This longer-term investment helps provide financial security for a sustained programmatic focus secure a sustained focus on increasing the capacity of educators in preschools. Efforts like the Denver Preschool Program and the proposed Cincinnati Preschool Promise help the drive towards quality by providing preschools with dedicated funds for quality improvement. By incentivizing parents to choose high quality programs, these programs create a demand in the market for high quality preschool.
Access must be universal, not targeted. A 2004 NIEER study found universal programs often have larger effects and are likely to be more effective at identifying and reaching all targeted children, since there are no eligibility cutoffs and thus no stigma attached. The study notes that kindergarten readiness is not just a struggle for low-income children. Many middle income children lag behind their wealthy peers in social and cognitive skills and need access to quality preschool to close those gaps. This is one of the many reasons that it is essential to increase the access to quality full day, full year preschool, especially for low-income working families. Public funding, is an important component, and must be adequate to support this need. However, a mixed market model with public and private options, including both public school preschool and community-based child care (these options include Head Start slots) are components to building a system that is focused on quality options for all of our children.
Recently, Education Next, published quarterly by the Hoover Institution, Stanford University, is also sponsored by Program on Education Policy and Governance, Harvard University and the Thomas B. Fordham Foundation, examined how the Common Core State Standards might impact high school diplomas in the coming years in a piece titled, “Rethinking the High School Diploma.” Through this series, the three authors called for a two-tiered high school diploma. The authors of the essays were Chester E. Finn, Jr., distinguished senior fellow at the Thomas B. Fordham Institute; Richard D. Kahlenberg, author of the definitive autobiography of Albert Shanker; and Sandy Kress, advisor to President George W. Bush on the No Child Left Behind Act.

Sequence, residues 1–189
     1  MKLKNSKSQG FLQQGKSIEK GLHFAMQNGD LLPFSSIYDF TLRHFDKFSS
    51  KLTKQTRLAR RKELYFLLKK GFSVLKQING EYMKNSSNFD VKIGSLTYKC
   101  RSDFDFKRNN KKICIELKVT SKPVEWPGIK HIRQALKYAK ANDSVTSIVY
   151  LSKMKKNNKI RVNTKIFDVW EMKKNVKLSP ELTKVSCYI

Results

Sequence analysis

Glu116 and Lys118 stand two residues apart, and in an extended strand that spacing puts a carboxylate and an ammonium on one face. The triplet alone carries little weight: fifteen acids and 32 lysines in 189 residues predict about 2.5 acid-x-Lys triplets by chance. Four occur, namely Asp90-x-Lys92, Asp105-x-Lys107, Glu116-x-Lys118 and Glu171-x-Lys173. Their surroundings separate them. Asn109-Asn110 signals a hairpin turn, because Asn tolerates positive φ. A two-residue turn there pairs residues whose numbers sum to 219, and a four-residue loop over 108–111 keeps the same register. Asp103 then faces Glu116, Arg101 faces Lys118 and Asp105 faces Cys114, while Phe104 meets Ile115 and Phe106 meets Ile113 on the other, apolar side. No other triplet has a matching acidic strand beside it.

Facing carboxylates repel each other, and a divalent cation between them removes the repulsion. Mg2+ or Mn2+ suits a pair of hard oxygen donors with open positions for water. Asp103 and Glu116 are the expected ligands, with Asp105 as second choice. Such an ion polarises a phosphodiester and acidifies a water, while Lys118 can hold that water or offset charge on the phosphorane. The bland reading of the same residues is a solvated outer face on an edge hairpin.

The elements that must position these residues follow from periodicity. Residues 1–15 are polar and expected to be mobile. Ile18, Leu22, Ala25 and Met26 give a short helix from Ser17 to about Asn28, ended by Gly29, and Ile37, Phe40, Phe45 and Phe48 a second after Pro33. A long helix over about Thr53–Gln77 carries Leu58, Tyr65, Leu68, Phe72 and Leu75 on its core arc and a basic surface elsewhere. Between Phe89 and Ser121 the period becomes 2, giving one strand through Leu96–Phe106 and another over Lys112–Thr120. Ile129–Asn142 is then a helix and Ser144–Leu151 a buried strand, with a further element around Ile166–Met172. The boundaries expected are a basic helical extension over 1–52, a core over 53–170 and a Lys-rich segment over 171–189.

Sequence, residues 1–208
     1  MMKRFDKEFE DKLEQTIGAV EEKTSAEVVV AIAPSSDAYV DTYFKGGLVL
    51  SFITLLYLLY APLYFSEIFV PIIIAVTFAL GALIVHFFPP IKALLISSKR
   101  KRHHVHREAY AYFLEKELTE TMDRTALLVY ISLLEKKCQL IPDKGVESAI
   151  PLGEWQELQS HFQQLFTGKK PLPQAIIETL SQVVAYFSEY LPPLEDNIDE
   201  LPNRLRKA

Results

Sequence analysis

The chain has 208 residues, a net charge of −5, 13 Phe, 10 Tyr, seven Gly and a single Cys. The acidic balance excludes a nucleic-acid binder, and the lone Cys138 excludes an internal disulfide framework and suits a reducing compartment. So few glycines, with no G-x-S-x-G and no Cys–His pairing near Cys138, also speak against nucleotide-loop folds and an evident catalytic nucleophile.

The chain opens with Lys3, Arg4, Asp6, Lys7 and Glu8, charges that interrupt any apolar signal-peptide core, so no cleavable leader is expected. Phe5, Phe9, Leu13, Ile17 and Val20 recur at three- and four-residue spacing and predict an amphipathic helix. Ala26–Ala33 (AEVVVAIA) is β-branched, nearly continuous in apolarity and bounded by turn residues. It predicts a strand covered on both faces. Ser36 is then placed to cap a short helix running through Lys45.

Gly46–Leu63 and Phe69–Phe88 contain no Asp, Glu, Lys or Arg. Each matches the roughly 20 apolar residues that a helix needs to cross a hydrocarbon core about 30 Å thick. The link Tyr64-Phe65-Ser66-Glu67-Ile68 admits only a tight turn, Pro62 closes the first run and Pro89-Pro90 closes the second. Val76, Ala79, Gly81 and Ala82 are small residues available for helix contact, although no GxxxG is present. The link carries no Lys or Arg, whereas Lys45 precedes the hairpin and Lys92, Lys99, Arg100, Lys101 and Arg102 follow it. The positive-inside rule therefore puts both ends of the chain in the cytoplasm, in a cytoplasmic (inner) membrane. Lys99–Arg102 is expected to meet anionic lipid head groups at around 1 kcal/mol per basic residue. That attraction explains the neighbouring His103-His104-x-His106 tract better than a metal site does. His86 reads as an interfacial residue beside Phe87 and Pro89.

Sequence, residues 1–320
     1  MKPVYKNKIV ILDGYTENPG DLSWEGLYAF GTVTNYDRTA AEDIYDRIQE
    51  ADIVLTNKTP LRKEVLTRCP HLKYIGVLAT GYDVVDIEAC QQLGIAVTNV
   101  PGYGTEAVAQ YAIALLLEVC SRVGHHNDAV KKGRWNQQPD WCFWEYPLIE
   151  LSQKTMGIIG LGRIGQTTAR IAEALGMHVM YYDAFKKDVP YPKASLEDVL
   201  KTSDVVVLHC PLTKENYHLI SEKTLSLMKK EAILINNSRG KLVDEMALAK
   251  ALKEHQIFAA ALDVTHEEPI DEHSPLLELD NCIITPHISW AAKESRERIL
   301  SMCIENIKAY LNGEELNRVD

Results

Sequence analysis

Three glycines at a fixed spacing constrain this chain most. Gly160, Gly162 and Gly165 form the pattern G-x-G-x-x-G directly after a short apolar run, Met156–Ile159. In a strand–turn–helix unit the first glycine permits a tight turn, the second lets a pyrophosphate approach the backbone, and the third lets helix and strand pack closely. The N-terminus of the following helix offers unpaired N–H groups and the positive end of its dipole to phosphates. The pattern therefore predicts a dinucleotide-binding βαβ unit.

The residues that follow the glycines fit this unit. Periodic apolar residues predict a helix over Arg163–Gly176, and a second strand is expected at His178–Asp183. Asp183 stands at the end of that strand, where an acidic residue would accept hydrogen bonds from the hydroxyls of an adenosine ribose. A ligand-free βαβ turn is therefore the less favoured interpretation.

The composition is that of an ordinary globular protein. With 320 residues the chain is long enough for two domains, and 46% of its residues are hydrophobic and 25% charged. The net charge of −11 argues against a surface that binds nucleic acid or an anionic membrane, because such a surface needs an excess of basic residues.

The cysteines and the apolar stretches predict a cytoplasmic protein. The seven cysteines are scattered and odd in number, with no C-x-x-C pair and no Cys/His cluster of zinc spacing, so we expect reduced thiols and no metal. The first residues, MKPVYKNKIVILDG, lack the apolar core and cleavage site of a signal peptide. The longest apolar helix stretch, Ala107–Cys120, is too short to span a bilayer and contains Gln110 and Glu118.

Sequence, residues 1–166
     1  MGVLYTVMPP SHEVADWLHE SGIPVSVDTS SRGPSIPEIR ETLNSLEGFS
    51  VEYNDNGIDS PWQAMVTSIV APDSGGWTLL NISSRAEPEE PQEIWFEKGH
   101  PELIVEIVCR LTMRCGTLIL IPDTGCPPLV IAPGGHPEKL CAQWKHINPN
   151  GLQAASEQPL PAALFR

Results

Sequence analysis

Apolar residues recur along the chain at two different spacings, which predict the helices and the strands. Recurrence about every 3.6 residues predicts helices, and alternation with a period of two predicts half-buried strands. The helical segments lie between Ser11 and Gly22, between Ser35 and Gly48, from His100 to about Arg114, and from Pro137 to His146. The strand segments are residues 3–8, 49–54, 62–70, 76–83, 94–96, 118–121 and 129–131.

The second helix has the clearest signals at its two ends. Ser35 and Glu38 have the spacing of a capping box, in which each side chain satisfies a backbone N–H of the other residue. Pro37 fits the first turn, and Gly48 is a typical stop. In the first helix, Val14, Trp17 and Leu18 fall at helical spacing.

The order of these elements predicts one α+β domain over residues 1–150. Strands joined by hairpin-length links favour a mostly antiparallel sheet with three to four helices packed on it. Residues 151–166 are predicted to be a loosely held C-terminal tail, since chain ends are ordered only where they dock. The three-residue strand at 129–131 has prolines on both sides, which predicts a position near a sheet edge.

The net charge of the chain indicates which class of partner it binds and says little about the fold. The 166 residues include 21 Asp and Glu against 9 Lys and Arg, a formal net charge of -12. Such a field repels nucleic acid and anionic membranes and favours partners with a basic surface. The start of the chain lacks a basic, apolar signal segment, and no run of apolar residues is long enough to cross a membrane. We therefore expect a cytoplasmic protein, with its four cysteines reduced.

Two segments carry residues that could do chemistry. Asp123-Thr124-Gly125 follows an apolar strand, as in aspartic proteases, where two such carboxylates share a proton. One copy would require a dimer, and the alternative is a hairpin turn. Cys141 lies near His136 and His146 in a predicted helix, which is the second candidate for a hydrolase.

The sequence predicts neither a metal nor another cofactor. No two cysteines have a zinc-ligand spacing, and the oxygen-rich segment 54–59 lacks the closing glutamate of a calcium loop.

To establish context for the pieces written by Finn, Kahlenburg, and Kress, here is the online introduction to the essays:
“As states move to implement the Common Core State Standards, key challenges remain. One is how to make sure a high school diploma acknowledges what students have achieved. Should states adopt a two-tiered diploma, in which students who pass internationally aligned Common Core exams at a career- and college-ready level receive an “academic” diploma, while students who fail to meet that bar receive a “basic” diploma? Yes, say three prominent thinkers who have long wrestled with questions of standards, testing, equity, and excellence.”
I wanted to make sure there was context for the authors’ collective call for a two-tiered diploma. This, admittedly, is a difficult issue to wrestle with because it touches on many of the bedrock notions of today’s education policy. Even though the essays are collectively well argued and well written, this is fundamentally a policy idea that I do not support for four specific reasons.
1. Equity: First and foremost, in the United States we need to have a system of education based on providing equity for all. It is, in my mind, the principal role of the federal government is education, since it is the only real silver bullet for defeating poverty in our country. Furthermore, Finn offers, “I expect howls of protest from those who cannot accept anything more than a single standard for all.” To be a competitive nation in today’s economy we need all of our students on track to be college and career ready. It is important to note that Kahlenburg at least offers that we need to “support low-income and minority students to earn stronger diplomas. Any system involving multiple diplomas raises a very legitimate concern: will low-income and minority students disproportionately receive a less-well-regarded degree?” He is correct. We need to make sure that we have the right supports in place for all students but especially low-income, minority populations.
Kress writes, “States should adopt a two-tiered diploma system, in which students who have demonstrated college and career readiness receive a ’diploma plus’ and other graduating high-school students receive a diploma of the sort typically granted today.” I understand where he is coming from. The new standards are more difficult and we should reward those students that achieve at higher levels. I don’t disagree with the sentiment but what is proposed would lead to tracking of students towards a college and career ready diploma and others into a lesser valued, basic diploma. This is essentially two separate systems with unequal outcomes. It is important to note that this is not about political correctness but rather about what’s right for our children and our nation. Higher educational standards are about raising the bar for all students, not just some.